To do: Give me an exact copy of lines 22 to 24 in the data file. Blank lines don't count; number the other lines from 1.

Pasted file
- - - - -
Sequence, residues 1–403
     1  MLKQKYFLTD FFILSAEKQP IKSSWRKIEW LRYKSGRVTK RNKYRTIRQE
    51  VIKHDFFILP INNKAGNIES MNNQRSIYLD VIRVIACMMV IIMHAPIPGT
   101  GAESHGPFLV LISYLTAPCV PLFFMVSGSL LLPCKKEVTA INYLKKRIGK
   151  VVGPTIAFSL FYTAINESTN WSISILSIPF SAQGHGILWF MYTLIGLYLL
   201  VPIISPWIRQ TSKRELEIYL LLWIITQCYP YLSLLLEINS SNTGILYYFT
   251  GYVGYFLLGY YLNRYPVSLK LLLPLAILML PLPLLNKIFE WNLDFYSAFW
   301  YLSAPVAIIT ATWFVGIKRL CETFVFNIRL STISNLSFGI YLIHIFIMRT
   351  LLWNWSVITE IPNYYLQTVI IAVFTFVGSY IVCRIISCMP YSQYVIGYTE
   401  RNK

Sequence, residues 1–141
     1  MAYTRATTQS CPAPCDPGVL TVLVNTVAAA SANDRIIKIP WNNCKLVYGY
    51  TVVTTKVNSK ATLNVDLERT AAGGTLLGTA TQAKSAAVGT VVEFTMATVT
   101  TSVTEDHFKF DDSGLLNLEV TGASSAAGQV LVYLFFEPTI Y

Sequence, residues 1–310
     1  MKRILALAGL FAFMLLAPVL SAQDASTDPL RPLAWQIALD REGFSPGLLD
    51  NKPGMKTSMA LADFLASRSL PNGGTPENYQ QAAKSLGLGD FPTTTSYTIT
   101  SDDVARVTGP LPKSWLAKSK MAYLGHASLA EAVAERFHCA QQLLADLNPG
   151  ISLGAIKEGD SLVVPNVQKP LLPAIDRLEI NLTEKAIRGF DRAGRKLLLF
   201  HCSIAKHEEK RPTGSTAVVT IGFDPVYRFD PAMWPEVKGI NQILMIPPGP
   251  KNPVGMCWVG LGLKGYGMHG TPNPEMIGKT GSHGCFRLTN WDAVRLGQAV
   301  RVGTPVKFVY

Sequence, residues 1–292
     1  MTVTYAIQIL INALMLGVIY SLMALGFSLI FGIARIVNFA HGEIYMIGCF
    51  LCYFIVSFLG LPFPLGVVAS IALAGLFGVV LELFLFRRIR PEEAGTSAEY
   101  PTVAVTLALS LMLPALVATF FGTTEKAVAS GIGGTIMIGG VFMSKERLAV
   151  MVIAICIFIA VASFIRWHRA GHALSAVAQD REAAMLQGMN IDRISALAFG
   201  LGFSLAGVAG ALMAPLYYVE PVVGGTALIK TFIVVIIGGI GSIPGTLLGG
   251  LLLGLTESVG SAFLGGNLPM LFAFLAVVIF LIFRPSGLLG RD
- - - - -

   301  RVGTPVKFVY

Sequence, residues 1–292
     1  MTVTYAIQIL INALMLGVIY SLMALGFSLI FGIARIVNFA HGEIYMIGCF